The husband and wife team of Bench Pressed are no rookies to the stationery world â€“ even though they launched their business just a couple years ago. Jane and Andy are here to share their creative process, from brainstorming and sketching to hitting the letterpress! I love this story on how they discovered the voice to Bench Pressed â€“ read on about one of their favorite cards and how it shaped the brand. Take it away, guys! â€“Megan
Hi there! Welcome to Bench Pressed! We are Jane and Andy Shannon, a husband and wife team, running a letterpress and design company in the Twin Cities and faking it until we make it.
Before we started Bench Pressed, Andy was working as a freelance illustrator and I was a stationery buyer at a small boutique in Minneapolis. After a few years, we decided to take our two passions and merge them. We launched Bench Pressed at the National Stationery Show in 2013, and we’ve been working on it ever since. Both of us still have side-jobs one day a week to help support ourselves and our dogs, but we are now working on creating greeting cards full-time.
Our shop is located in the old Hamm’s brewery in East St. Paul, Minnesota. This side of the neighborhood is slowly being revitalized after sitting vacant for a long time. Now our neighbors are small start-ups, like a craft brewery, small distillery, chocolatier and an urban hydroponic farm, all drawn to the neighborhood by the historic building and the cheap rent. Also, we are close to the best taco truck in all of the Twin Cities (priorities).
Bench Pressed is a letterpress shop. We specialize in hand-drawn and hand-printed cards, which means that all of our designs begin with pen on paper. We like to say that our cards are “tongue-in-cheek, with a little sweet.”
Coming up with card ideas is the best part. Andy keeps multiple Moleskine journals around and is drawing constantly. We both use the Notes app on our phones to write down things that make us laugh, which might end up as a card. Most of the time we’re working on cards we need in advance of a certain season (Valentine’s, Christmas, etc.), but not all of our cards are contrived.
For example, one of our most popular cards was just a random doodle that I found inside of Andy’s sketchbook, a little house with the words “Hope Your Neighbors Aren’t Creepy” (which I’m assuming was inspired by our neighbor who has many, many cats).
Once an idea and an illustration is made, he redraws the images from his sketchbook with tracing paper. The images are scanned into Photoshop where we add color, resize if needed, and prep all the cards into large files to be sent out to Boxcar Press for our photopolymer plates.
Our cards are all printed by us in our shop. We have three presses, a small table top press, a Chandler and Price, and our newest member of the family, the Heidelberg. We are using the windmill the most these days, but still use the C&P on some of the cards.
A typical day at Bench Pressed means that I’m at the computer answering emails and keeping on track of our orders, both retail and wholesale. Andy is usually working on our ever-growing print-list or on new products.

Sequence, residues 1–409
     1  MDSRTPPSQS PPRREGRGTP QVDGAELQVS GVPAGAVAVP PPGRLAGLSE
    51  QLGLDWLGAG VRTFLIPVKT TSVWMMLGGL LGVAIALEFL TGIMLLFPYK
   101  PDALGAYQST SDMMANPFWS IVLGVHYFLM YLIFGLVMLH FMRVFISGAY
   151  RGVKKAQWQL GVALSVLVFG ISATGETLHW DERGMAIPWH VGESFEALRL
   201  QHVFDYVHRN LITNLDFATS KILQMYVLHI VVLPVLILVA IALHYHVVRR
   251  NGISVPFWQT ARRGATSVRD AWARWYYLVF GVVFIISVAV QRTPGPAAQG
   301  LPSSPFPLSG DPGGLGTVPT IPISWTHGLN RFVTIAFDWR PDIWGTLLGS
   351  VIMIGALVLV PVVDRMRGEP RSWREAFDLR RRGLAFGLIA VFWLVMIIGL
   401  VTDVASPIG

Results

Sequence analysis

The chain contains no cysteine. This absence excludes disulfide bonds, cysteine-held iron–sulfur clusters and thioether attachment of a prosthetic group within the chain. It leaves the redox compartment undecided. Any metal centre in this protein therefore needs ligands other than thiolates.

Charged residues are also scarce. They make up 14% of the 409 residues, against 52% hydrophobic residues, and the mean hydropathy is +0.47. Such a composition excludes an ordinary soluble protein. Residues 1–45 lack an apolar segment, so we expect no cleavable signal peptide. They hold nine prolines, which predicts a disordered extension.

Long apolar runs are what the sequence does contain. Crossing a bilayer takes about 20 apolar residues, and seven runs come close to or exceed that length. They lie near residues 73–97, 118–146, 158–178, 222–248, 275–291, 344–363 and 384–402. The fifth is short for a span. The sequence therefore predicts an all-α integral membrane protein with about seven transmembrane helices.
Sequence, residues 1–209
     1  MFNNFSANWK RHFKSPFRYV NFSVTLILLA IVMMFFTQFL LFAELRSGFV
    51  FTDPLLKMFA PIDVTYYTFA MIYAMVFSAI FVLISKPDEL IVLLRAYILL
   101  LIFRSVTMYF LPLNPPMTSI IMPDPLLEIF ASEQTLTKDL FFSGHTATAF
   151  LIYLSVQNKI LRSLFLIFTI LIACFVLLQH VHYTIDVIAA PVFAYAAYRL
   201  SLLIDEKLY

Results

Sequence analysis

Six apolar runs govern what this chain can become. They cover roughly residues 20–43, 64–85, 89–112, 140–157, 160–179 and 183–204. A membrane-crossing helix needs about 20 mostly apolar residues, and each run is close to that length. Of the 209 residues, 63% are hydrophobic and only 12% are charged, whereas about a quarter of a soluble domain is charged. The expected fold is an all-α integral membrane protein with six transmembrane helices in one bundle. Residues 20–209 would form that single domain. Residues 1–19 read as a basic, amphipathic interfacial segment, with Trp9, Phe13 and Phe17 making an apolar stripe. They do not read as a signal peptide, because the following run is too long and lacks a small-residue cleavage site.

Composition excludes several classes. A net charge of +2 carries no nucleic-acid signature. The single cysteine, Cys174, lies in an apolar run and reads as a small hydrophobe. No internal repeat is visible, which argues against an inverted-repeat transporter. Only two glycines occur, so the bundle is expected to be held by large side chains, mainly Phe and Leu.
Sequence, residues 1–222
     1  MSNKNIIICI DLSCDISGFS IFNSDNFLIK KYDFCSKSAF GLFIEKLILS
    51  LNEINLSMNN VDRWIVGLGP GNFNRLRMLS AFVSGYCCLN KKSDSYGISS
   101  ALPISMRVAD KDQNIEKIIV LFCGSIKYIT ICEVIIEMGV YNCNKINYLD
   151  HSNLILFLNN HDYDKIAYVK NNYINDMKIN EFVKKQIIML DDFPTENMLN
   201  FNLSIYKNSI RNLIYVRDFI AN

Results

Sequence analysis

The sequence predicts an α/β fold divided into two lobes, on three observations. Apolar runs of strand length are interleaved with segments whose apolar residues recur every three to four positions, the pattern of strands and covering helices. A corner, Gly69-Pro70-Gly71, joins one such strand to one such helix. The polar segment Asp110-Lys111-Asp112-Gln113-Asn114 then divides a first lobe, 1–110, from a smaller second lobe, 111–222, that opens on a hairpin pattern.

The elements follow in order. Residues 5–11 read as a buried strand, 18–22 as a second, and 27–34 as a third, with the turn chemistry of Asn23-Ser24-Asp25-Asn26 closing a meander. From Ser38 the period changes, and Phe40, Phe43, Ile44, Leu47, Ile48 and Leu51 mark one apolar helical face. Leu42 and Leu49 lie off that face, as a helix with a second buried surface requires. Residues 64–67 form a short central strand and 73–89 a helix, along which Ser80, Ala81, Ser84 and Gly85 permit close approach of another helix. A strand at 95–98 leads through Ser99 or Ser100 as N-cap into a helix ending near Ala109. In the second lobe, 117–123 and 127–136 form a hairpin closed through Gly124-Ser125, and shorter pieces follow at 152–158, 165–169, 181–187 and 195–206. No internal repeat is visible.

As for a team, right now it’s just the two of us. We plan on eventually adding more people to the mix â€“ more hands for printing, folding, and packing up orders â€“ but for now, it’s just us and the dogs at the shop.
Our struggles right now are getting ahead of our print-list to create more time for new products. I also think that keeping business separate from regular life can be tough, especially when you work with your partner. We have to remind ourselves take the weekend off or to take a step back when we need to.
One of our favorite cards is the “Oh Shit” pregnancy test card. It was one of our first designs and it really opened up the door for us to get a little more snarky with our line. At first, we didn’t want to push the envelope too much and didn’t want to upset people, but when we released this card there was such an overwhelming response to it that we were able to keep creating cards that we would want to give. And I guess that’s the exciting thing about making greeting cards for a living; we get to be a (tiny) part of people’s everyday joys.
We find inspiration from a lot of places. First of all, the stationery and paper industry is the most supportive industry that I know. We have learned so much from other stationers from printing techniques and troubleshooting to the best places to buy cello sleeves, envelopes, etc. Going to the National Stationery Show is one of our favorite things every year because we get to meet new and see old friends and catch up with them. It could be so easy for us to all see other stationers as competition, especially since we use the same medium, but instead it seems like we all boost each other up. Which is really refreshing and energizing.
In more basic terms of inspiration, we are constantly blown away by other artists and makers on various social media accounts, mostly Instagram. There is so much to see, from furniture makers and jewelers to installation artists, photographers, and chefs â€“ strangers and friends alike â€“ literally hours could vanish and not a damn thing would be done around the shop. Sometimes it is overwhelming, but there is an endless amount of talent out in the world and it’s kind of a paralyzing beauty.
All product photos by Bench Pressed, all other photos by 2nd Truth Photography.
Interested in participating in this column? Reach out to Megan at megan(at)ohsobeautifulpaper.com for more details about Behind the Stationery.